What If…?

What’d y’all think of my story? If you have no idea what I’m talking about, check out my previous post Catch the Chariot. So – not bad for a second effort, right? I enjoyed writing it, so I hope you enjoyed reading it. Be looking for more in the months ahead.

As I looked at the story, though, I thought about how typical it is of missional journeys, having to run to catch up with a lost world moving too fast into oblivion. Philip was able to get there, catch up, make the connection, but he had to expend a LOT of energy to do so. Yes, we can do all things through Christ who strengthens us. Yes, he probably had supernatural help getting there, just as he did when it was time to leave the Ethiopian. (Read it for yourself at Acts 8:39-40. I didn’t write about that part of the story). But what if…?

What if Philip had a horse of his own? What if Peter, Paul, Silas, Barnabus, Timothy, and all the other missionaries  of the 1st century had vehicles, or modes of transportation appropriate to their terrain, to help them travel along the way? To help them Speed the Light? Imagine how many more people could have been reached if days, weeks or even months had not been needed to travel from place to place. Imagine how far and wide the Word could have spread with appropriate transportation.

And that is the whole point behind the Speed the Light program. It’s a program that teaches and encourages students, 6th through 12th grade, to be missions minded. The money raised by students and donated to Speed the Light pays for vehicles for missionaries in the U.S. and around the world.

Above I used the words, “appropriate transportation.” That’s because not everyone needs a car. When I was in Tanzania we visited many fishing villages along the shores of Lake Tanganyika. We never would have gotten there if Joy in the Harvest, the mission we worked with, had not had a boat. These villages could only be reached by boat. There were no roads. And so, there are some places that can only be reached by plane, and others by dirt bike, or even bicycle. There are places where the “road” is not more than a path through terrain that we who live in the concrete jungle would never understand.

So if you see a student fundraising, and they say it’s for Speed the Light, think about Philip trying to Catch the Chariot, think of the villages of Tanzania that were visited by the boat from Joy in the Harvest, think of all the missional possibilities and help out.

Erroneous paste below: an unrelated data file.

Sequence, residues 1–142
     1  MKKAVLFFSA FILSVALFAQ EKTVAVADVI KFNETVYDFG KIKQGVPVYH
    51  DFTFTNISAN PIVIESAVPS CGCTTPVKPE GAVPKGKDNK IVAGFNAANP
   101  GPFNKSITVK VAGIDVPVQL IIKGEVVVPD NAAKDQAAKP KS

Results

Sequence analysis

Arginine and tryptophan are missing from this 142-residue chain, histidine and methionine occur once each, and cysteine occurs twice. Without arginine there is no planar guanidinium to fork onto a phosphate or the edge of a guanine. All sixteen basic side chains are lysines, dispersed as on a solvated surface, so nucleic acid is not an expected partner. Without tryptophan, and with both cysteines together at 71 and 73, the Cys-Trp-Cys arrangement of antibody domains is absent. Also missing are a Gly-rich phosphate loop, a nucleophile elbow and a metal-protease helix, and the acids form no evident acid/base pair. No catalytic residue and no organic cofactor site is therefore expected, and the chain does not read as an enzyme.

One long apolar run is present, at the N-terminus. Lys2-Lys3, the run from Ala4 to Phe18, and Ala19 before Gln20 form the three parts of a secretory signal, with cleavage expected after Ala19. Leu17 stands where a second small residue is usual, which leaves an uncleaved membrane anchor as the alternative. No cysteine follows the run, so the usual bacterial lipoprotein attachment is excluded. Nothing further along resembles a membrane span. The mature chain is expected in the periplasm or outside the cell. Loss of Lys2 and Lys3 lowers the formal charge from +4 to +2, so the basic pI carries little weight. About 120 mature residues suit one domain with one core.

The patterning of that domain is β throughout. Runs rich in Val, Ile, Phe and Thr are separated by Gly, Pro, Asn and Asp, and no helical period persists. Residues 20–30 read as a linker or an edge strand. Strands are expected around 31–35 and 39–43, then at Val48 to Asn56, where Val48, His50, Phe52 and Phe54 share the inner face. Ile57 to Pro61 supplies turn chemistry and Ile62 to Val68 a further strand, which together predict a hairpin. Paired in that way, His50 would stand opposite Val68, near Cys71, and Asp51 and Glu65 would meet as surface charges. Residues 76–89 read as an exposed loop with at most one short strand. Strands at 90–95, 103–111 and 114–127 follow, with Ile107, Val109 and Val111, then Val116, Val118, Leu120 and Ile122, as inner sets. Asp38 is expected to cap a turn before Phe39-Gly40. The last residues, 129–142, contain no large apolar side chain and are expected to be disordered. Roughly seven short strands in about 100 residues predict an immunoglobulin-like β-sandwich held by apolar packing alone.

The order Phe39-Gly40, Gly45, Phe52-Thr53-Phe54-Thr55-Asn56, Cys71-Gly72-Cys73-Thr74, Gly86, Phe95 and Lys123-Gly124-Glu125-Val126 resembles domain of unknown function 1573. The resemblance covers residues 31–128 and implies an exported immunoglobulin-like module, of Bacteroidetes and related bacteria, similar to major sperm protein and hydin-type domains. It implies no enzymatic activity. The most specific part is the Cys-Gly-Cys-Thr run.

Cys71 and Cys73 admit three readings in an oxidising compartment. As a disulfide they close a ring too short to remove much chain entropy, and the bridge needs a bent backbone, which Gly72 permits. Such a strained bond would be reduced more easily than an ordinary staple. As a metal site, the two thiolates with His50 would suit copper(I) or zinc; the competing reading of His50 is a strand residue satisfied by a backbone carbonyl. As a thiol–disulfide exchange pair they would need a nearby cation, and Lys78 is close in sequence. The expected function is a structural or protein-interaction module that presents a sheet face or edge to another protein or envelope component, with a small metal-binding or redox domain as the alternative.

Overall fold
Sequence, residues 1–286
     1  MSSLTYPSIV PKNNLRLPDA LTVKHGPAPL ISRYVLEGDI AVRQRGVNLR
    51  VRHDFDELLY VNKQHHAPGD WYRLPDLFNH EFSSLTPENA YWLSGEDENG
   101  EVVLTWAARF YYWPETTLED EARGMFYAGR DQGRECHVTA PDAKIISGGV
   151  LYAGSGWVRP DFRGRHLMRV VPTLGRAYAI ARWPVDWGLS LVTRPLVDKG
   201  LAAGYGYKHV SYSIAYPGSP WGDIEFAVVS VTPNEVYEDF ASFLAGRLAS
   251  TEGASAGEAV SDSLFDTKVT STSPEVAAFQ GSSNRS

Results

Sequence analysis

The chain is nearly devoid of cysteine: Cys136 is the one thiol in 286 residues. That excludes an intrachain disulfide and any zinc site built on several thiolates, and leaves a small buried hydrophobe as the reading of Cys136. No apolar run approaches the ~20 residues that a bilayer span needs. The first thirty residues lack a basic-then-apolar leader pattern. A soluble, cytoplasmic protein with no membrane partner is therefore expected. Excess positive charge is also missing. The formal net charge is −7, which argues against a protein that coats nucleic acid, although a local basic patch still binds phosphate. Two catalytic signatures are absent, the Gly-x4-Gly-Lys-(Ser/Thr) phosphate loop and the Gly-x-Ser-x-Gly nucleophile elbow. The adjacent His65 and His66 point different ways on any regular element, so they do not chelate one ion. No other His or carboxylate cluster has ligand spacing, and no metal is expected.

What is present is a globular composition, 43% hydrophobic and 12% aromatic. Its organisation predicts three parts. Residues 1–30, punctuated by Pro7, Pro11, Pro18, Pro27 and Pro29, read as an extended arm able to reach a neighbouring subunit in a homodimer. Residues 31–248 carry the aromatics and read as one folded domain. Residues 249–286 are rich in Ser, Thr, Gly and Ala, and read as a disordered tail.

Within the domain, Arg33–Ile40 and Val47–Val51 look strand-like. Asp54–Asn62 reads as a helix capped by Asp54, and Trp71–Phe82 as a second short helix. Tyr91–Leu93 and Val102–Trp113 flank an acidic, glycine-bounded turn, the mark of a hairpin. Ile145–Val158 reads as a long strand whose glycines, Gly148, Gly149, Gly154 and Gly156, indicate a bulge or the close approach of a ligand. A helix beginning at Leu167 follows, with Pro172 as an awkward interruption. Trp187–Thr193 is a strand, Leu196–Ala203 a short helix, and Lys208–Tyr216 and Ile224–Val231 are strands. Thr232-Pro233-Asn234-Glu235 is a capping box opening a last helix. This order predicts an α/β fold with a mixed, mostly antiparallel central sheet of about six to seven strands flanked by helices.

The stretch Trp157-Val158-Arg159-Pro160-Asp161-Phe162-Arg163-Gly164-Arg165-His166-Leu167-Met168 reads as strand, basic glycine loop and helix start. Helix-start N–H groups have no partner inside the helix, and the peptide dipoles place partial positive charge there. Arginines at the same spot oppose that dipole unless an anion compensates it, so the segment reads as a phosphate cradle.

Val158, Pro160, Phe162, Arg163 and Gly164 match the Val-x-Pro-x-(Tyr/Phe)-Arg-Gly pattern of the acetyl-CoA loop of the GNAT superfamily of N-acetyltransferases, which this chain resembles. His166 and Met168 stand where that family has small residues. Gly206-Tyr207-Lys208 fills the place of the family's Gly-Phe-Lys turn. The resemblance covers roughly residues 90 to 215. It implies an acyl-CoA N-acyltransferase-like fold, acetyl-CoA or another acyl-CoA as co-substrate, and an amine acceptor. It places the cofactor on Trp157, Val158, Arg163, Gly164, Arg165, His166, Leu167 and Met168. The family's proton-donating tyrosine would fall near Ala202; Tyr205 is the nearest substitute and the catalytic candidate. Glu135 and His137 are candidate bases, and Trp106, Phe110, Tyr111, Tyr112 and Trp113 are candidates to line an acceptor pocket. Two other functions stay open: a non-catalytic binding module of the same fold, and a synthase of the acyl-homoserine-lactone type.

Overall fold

Psalm 116 – Part 2

So, I’d been thinking about baptism, and getting dunked completely like Jesus did. The symbolism and significance are that the person you were goes down into the water and dies, and when you come up, you are a new person, having symbolically died with Christ and been risen in resurrection as He rose. Your sin is washed away. God forgives all, and you begin life anew. That thought was very appealing to me. Those who knew me before will say that my conversion was nearly of Saul to Paul proportions. I never saw it as QUITE that epic, but I will admit that it was pretty drastic.

The decision to do a full dunk was made, but then came the “problem” of logistics. Where, when, how and by whom? The church I attended at the time didn’t have a full dunk baptismal, and while there was (and still is) a nearby river, it’s not the cleanest. A local, or someone’s private pool just didn’t seem right. And then the answer came. The opportunity came to make the same mission trip to Tanzania as the friend who started this whole journey for me in the first place. I thought, “How cool would it be to get baptized in Lake Tanganyika? In Africa, man!” (Sorry, “I’m in Africa, man,” is a semi-private joke. Maybe someday that story will get told here.)

During the planning sessions for the trip to Tanzania, I voiced my wish to get baptized there and bring my whole “coming to Christ” journey full circle. My thought was that Lowell, the guy who heads up the ministry we were working with, would baptize me in Lake Tanganyika and it would be like all those really cool baptism scenes you see in the movies. — It didn’t turn out that way.

The way it ended up looking, visually, wasn’t really much to speak of, at least not compared to the idea I had in my head. But the way it was SPIRITUALLY, now that’s a whole different thing! As I said in Part 1, that little church in Kigoma, Tanzania was the only United Methodist church in Tanzania with a full dunk baptismal, but it wasn’t getting used. I don’t know if the people didn’t really understand baptism, or if they were just afraid of being first, or if it was making a public display, or what, but they weren’t getting baptized. So Lowell asked me if I would do it in the church during a regular Sunday service so that they could see what it was really like. As cool as the lake would have been, this was cooler, to be able to lead by example!

But then I realized, as cool as that was, the group of people watching would be a whole lot different, and a WHOLE LOT larger than I had planned. And now I was being an example and not just having an intimate little gathering of mission team buddies and God. There would be a couple hundred “Intimate” strangers there too. And I had to publicly declare why I was doing this – to people who don’t speak English! I prayed on it and I prayed on it, and it finally came to me, Psalm 116. It was me.

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And so one that day, with Lowell and the leader of our mission team down with a SEVERE case of food poisoning and unable to attend, I stood before the congregation of Gungu United Methodist Church and made my Public Declaration that I am a follower of Jesus Christ by reading Psalm 116 – in Swahili!!!